Why I’m Not a Fan of Hard Floors in Hotels
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Look, I get it. Hard flooring is a sign of prestige, a sign that you’re somewhere upscale. Or, at the very least, a notch above average. This is why realtors encourage sellers to emphasize “hardwoods throughout!” whenever possible. For those concerned with leftover germs in hotel rooms, I can’t ignore the fact that hard flooring is easier to clean than carpet, and it generally doesn’t show its age quite as much.
All that being said, I’m still pro-carpet.
Among many other quirks being introduced in what TPG himself has lovingly termed “millennial hotels” – things like an abject lack of hair conditioner and the mysterious disappearance of working desks – we’re finding that more and more new hotels are ditching carpet. While this may be seen as a pro to many, it’s worrisome for folks like me: minimalist packers who appreciate an environment that caters to in-room workouts.
I recently stayed in the San Francisco Proper Hotel, one of the more eccentric Starwood properties to open this year, and while there was (barely) enough room for me to sweat my way through Beachbody’s Insanity Pure Cardio, the cold, unforgiving flooring was a real bruiser. I tried the obvious – laying down a couple of towels in a bid to create some form of padding to leap around on – but those slip and slide too much to be marked as a solution.
A few weeks later, I stayed at The James New York – NoMad. Not only did my room have clean, soft carpet, but the hotel encouraged me to put it to good use. One of the perks of staying at The James Hotels is its exclusive Four Bodies Wellness program, where guests are “invited to visit their in-room TVs to take part in an Aerospace work-out, experience Kundalini Yoga to cure jet lag and clear stress, access a complimentary one-month membership to the INSCAPE app and learn more about booking a one-to-one session with various intuitive counselors.” Now that’s more like it.
You could argue that I should bring cushioned shoes and force myself to love flooring that’s unyielding and bleak, and you wouldn’t be totally wrong. But, I’m a big believer in packing as lightly as possible, and an additional pair of shoes can be the difference between a week’s worth of clothing fitting in the overhead and me having a check a bag which may or may not ever make it to my destination. Here’s the other big problem with using gym shoes in your hotel room: the noise. If I’m crawling out of bed at ‘o dark thirty to start a HIIT session on the fourth floor, I’m guessing the souls a floor beneath aren’t really interested in hearing 45 minutes of thuds. Carpet solves that by absorbing the sound.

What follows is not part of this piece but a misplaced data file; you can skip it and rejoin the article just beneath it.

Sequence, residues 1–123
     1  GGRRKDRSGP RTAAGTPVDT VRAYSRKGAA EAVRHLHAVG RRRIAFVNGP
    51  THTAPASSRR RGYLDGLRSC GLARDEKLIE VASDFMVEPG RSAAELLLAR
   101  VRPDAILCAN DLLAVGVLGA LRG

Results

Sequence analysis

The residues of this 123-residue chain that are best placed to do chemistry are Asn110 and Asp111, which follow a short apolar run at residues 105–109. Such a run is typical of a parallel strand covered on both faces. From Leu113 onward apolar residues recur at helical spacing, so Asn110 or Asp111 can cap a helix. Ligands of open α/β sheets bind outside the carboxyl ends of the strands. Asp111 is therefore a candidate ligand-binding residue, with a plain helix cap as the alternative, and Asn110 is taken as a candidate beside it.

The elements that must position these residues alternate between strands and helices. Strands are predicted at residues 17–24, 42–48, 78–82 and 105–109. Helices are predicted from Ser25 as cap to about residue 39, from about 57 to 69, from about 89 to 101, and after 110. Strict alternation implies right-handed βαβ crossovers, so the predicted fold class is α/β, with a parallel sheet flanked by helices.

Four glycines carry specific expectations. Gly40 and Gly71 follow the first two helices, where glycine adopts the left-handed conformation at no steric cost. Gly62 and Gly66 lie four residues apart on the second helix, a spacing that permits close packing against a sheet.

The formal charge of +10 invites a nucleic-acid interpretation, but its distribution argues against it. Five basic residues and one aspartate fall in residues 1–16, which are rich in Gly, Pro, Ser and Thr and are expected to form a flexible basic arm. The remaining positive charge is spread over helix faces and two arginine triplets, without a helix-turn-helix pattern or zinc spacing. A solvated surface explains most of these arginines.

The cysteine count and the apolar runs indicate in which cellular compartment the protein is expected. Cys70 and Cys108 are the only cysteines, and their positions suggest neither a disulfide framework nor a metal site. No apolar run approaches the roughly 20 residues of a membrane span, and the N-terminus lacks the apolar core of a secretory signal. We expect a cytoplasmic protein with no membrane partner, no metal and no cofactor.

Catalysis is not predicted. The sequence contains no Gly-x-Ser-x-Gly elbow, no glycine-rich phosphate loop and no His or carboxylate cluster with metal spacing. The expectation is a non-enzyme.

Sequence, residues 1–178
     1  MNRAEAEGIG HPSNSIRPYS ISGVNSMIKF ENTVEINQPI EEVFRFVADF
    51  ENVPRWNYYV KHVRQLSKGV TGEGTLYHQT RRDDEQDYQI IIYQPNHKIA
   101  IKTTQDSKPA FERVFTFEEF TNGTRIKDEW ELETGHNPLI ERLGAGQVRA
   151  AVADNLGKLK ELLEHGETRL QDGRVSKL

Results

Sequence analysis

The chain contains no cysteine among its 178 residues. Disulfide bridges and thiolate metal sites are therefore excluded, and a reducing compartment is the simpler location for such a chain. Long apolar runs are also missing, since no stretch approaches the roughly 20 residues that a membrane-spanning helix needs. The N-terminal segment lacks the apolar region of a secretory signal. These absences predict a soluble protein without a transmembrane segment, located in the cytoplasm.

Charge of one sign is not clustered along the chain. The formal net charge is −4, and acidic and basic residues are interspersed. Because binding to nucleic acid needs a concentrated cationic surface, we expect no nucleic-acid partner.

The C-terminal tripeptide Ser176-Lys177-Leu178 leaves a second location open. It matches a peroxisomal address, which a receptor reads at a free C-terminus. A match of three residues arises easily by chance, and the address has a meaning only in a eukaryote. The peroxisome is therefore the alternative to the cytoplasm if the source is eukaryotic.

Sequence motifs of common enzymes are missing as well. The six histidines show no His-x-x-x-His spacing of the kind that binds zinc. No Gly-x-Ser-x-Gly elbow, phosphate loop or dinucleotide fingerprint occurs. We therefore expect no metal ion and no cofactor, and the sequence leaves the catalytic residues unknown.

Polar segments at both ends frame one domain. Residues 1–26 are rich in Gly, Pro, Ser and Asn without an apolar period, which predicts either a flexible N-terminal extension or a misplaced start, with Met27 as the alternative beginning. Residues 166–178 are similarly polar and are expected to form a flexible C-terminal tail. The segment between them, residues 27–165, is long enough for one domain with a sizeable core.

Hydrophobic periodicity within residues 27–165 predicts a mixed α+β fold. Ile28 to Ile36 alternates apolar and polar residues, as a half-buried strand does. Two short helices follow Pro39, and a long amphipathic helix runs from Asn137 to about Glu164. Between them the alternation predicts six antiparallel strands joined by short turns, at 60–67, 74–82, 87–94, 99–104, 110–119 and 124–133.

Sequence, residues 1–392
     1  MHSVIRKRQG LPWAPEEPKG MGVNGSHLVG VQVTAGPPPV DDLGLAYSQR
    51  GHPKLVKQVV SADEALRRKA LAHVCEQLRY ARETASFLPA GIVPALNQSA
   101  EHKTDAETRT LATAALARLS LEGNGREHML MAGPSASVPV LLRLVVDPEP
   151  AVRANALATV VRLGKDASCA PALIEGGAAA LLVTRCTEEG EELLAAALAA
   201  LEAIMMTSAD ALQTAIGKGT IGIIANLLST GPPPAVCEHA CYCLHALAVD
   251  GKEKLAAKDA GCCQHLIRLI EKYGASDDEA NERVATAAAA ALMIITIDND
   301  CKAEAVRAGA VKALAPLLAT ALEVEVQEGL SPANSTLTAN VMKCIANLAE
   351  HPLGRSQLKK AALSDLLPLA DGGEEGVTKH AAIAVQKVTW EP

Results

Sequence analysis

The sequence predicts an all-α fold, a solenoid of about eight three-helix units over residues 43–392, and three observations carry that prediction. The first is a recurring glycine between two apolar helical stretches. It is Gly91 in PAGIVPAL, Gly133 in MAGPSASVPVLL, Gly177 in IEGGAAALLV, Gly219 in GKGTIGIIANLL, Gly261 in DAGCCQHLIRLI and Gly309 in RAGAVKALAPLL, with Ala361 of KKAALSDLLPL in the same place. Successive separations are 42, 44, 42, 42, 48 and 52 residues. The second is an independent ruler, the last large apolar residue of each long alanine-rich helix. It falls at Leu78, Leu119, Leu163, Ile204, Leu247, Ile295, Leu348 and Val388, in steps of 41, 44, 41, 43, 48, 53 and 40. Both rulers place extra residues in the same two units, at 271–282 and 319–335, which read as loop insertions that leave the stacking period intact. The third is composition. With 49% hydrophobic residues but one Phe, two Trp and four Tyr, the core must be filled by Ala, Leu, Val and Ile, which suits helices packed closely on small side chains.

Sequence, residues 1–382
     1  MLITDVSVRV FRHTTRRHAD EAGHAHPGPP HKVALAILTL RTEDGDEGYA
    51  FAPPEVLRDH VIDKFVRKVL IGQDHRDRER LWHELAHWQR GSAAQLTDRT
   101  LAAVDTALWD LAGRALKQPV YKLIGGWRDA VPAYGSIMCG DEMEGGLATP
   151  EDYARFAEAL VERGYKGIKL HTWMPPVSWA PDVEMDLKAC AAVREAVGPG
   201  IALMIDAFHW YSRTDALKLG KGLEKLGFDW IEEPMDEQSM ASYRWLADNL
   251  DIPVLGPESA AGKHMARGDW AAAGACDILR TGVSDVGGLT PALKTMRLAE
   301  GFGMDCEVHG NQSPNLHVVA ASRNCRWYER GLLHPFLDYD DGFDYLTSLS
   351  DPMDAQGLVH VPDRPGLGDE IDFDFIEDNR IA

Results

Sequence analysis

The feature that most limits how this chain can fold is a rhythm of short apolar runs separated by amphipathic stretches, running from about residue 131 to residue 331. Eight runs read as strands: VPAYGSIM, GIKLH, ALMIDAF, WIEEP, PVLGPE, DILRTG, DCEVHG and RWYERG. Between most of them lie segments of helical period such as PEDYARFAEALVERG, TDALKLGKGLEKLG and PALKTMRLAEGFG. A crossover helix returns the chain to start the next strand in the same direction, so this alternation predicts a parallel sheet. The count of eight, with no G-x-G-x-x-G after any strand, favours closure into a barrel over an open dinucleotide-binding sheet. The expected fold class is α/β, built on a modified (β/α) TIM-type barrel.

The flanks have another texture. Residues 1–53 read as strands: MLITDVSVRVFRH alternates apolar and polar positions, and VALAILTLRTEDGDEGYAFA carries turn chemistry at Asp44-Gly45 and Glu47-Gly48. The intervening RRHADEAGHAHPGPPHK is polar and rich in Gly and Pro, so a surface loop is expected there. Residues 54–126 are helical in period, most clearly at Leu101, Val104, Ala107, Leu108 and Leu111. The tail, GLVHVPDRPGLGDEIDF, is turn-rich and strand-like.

To those who’d encourage me to just visit the gym? I’d say that a gym visit goes against my minimalist approach. Packing gym outfits for a weeklong trip is like packing an entire extra wardrobe. While a few hotel brands (Westin comes to mind) will let you rent gym attire, most leave you to fend for yourself. And, hotel gyms can be crowded when you’re most apt to use them, not to mention the nightmare that is exercising beside someone else if you’re even the least bit introverted.
Thankfully, I do see a solution, even if carpet truly is on the way out in higher-end hotels. Hilton, for example, has installed fitness-focused rooms in select hotels, and while there’s a dearth of carpet in those, they do hand out sticky yoga mats that provide cushion for impact and sound dampening for those below you. Kimpton got a jump on this, with an in-room yoga mat now being a brand hallmark. Having freshly cleaned mats available at no charge, similar to how umbrellas can be borrowed today from upscale hotels, would keep both parties happy. Those stricken with mysophobia (or simply allergic to particles that tend to get lodged in carpet) would appreciate the default of having hard floors, while folks like myself who prefer in-room exercise wouldn’t lose out.
Featured image courtesy of The James Hotel – NoMad.
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